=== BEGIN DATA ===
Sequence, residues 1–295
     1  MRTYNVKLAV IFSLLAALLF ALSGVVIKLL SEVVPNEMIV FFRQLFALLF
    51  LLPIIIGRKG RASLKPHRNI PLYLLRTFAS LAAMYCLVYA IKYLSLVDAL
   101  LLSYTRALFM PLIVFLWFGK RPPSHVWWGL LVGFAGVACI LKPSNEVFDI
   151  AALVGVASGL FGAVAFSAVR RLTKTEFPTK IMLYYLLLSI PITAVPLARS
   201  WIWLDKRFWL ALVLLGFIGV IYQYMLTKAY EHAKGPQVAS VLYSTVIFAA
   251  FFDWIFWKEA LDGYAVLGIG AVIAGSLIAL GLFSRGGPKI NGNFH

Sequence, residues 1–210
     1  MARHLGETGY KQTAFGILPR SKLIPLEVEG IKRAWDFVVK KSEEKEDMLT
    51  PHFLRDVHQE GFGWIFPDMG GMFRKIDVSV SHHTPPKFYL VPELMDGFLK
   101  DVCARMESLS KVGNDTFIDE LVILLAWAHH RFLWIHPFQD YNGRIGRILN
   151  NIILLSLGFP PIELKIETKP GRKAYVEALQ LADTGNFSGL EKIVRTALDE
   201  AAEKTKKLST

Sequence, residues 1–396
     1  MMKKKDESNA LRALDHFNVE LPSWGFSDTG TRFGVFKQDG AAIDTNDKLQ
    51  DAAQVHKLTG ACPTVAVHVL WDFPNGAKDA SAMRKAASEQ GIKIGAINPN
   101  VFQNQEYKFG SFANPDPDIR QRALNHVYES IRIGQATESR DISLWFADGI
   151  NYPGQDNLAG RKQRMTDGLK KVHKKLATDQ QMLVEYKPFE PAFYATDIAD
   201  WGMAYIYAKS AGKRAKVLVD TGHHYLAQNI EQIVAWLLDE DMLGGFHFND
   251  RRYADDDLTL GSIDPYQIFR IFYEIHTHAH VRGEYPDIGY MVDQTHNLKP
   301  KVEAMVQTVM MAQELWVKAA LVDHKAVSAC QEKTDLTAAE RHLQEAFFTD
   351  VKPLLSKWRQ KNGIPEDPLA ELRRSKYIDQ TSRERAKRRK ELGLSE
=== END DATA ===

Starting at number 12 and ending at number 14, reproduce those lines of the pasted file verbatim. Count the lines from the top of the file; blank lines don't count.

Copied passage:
   151  NIILLSLGFP PIELKIETKP GRKAYVEALQ LADTGNFSGL EKIVRTALDE
   201  AAEKTKKLST

Sequence, residues 1–396